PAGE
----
Using the “Normal force coefficient” CNa to predict stability of a rocket’s design.

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Nytrunner

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What is more concerning are the oscillations in the Pitch force (is really a moment or a torque that rotates the model about the c.g.) and wind angle of attack. If you get a wind angle of attack, you want the pitch force to restore you, and that is good static stability. But you don't want a pendulum effect where the pitch force and angle of attack continue to oscillate, you want dynamic stability. It appears that the oscillation does eventually damp out, but you might want to make some design changes to increase stability so that oscillation does not extend so far or the frequency of it slows down. That sim curve looks like the rocket is going over a washboard road. The sim curve is technically stable, but I would be curious as to the caliber measure of stability.
Interesting thought about a gradually applied compressibility factor. I still find the discontinuous behavior unnatural though lol.

Do you really thing the oscillation is worrisome? After the initial 2deg deviation off the rail, its next highest peak is barely .2deg at 1 second and damps quickly.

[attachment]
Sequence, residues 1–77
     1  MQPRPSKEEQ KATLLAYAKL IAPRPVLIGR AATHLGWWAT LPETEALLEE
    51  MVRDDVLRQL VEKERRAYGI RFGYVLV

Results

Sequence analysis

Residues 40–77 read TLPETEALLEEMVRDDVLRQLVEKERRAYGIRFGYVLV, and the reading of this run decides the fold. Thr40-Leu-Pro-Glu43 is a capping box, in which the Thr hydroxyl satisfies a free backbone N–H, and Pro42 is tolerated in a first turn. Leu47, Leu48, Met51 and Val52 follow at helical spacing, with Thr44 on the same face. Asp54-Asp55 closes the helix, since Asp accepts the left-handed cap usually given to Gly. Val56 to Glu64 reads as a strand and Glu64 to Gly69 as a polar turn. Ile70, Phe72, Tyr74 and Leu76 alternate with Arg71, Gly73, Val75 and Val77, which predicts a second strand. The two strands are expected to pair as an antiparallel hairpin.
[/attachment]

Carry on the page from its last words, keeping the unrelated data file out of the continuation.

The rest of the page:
jahall4

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I am not familiar with details of any of the popular sim tools. What this looks like, is some kind of compressibility correction applied to CN when the Mach number increases. At V=473 ft/sec you are around Mach 0.42, the Cn (and Cd-drag) compressibility corrections are applied gradually when you pass Mach 0.3, not just an on-off switch when you hit Mach 1. (The sim might be using the theoretical Prandtl-Glauert rule, perhaps?)
Yes! that was one of the "bits and pieces" that dribbled out of Apogee... that CNa = CNa / B where B is some type of compressibility factor based on Mach and the lower threshold was in fact 0.42 :) What was not explained was why CNa at velocities under 4.2 was a constant. Is that what you are explaining below? And yes CNa is the derivative of CN. Sometimes referred to as the "stability derivative".

I am not sure of the notation they are using, CNa might be the slope of the CN versus alpha curve, assuming a linear straight line near the low-alpha range. At zero-alpha, you have zero force, so CN would be zero at zero alpha, but the slope of the line from zero alpha to a small alpha < 10-deg would basically be constant.
...and yep 10 deg. is the value I have seen referenced in other literature. "... The Barrowman equations are derived using the following assumptions: #1 The angle of attack of the rocket is low (&#945; < 10&#9702;)"

So what's you guess... Rocksim is NOT applying a compressibility correction below Mach 0.42? Subsequently CNa is intended to be a constant below 0.42? IOW it is not a bug but the expected result?
 

GlenP

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Below Mach ~ 0.42 you don't really have significant effects of compressible flow, you are assuming, the flow is totally subsonic around all parts of the vehicle, so no theoretical corrections for compressibility are required there. Not a bug, just using mathematics that properly simulate the flow physics.